The Sketch Format
Sketch writing allows you freedoms you don't get with a longer format such as a play, sitcom, or screenplay. It allows you to explore ideas and develop characters in a very efficient way. You can explore a single idea or premise for a sketch. A sketch can be an excuse for showcasing an interesting character. You try the joke in front of the audience and see if it works, And you can immediately integrate any changes into the next show.
Many comedy theater troupes such as Second City, the Groundlings, the Upright Citizens Brigade, Improv Asylum, and local groups in your area offer classes in improvisation and sketch. Class members have even been known to become full-fledged members of the troupe. Look for classes in your area and take the plunge into the world of improv and sketch comedy.
With a movie, you have at least ninety minutes to tell your story. With a sitcom you have around twenty-two minutes. With a sketch you have a fraction of that time, but you still need to introduce the characters, set up the joke, and have a beginning, middle, and end. It's a hit-and-run, guerilla-style form of comedy, and that's what makes it satisfying to an audience.
You need to work fast; sketches longer than ten minutes can start to drag. You need to get to the joke in the most efficient way you can. Don't be afraid to write a sketch that is thirty seconds long; it can be followed by a seven-minute sketch without a problem. But, don't make every sketch seven or eight minutes long. Variety in the material is what makes for a successful sketch show, so sketches in the same show can go from subtle to outrageous.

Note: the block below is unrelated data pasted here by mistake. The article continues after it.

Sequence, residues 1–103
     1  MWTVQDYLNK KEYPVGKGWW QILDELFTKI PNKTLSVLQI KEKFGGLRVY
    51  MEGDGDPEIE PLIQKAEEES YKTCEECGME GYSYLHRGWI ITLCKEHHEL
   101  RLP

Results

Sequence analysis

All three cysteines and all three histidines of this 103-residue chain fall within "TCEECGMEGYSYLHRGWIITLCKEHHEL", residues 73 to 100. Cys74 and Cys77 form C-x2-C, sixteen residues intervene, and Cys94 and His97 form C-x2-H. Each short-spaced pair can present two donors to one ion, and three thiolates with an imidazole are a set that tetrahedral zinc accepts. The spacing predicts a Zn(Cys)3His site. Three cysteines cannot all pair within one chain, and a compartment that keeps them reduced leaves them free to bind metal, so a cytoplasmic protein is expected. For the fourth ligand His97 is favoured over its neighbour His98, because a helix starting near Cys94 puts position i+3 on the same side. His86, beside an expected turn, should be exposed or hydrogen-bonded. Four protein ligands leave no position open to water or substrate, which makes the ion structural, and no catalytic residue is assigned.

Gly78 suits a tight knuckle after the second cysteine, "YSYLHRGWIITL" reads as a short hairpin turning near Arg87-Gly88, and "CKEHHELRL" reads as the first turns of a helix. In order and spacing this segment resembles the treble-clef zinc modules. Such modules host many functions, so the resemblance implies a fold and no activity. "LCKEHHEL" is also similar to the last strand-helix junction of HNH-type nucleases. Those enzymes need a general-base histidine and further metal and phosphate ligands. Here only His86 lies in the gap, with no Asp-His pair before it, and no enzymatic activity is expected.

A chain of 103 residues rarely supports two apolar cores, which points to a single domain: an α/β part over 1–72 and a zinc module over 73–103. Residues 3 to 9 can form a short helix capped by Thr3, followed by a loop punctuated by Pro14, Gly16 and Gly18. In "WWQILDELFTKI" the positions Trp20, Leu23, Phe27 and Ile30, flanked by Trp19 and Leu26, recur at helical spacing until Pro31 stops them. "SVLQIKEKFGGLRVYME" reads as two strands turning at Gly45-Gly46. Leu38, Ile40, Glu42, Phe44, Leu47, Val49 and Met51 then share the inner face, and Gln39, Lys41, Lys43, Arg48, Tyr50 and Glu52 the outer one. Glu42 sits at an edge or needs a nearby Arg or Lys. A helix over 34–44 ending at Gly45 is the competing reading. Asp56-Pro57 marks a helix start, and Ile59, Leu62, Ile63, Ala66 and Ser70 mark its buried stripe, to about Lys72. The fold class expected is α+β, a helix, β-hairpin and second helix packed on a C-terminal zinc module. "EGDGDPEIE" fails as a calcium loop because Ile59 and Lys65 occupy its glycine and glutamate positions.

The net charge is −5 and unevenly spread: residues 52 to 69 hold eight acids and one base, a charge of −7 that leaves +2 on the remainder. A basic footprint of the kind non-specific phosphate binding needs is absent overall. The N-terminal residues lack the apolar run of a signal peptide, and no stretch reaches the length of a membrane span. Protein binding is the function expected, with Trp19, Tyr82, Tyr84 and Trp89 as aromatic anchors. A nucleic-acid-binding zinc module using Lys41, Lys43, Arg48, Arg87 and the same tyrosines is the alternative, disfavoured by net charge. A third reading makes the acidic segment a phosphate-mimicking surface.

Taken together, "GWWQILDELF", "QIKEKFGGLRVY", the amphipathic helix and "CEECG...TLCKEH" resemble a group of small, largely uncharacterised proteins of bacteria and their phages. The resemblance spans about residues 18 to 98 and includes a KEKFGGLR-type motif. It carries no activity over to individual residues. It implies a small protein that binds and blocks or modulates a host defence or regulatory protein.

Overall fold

Every sketch, with time, can have a great, logical ending. However, when you are short on time, such as on a weekly television show, a sketch can start out with a great idea and end without a logical conclusion. It's presented as sort of a slice of life that just fades out to commercial. On TV you only have one chance to get it right, but on stage you can change a sketch until it works. A sketch can start out as one thing and morph into something completely different over time.
Production constraints are another problem with television sketch comedy. The more elaborate the set and scenery, the longer the sketch is going to be, whether the concept of the sketch can handle that time or not. It comes down to expense; if the set costs a lot, the producers want to get their money's worth, sometimes at the expense of the sketch. If there is last minute inspiration for a great joke that requires a set change, chances are you'll have to leave the sketch the way it was.
You can find the entire history of sketch comedy on DVD. Check out Your Show of Shows, The Carol Burnett Show, Saturday Night Live, SCTV, MADtv, Kids in the Hall, Mr. Show, Chappelle's Show, and The Ben Stiller Show. You need to know where comedy's been before you can see where it's going. Expose yourself to as much good sketch comedy as you can!
With stage sketches, the audience will suspend their disbelief and accept sets that merely suggest the situation. A simple table can be a desk, a dinner table, or a service counter in a fast food restaurant. Sometimes the lack of a budget for costumes and sets means more satisfying comedy with stronger endings. Elaborate sets, props, and costumes can distract the audience from the essence of the joke.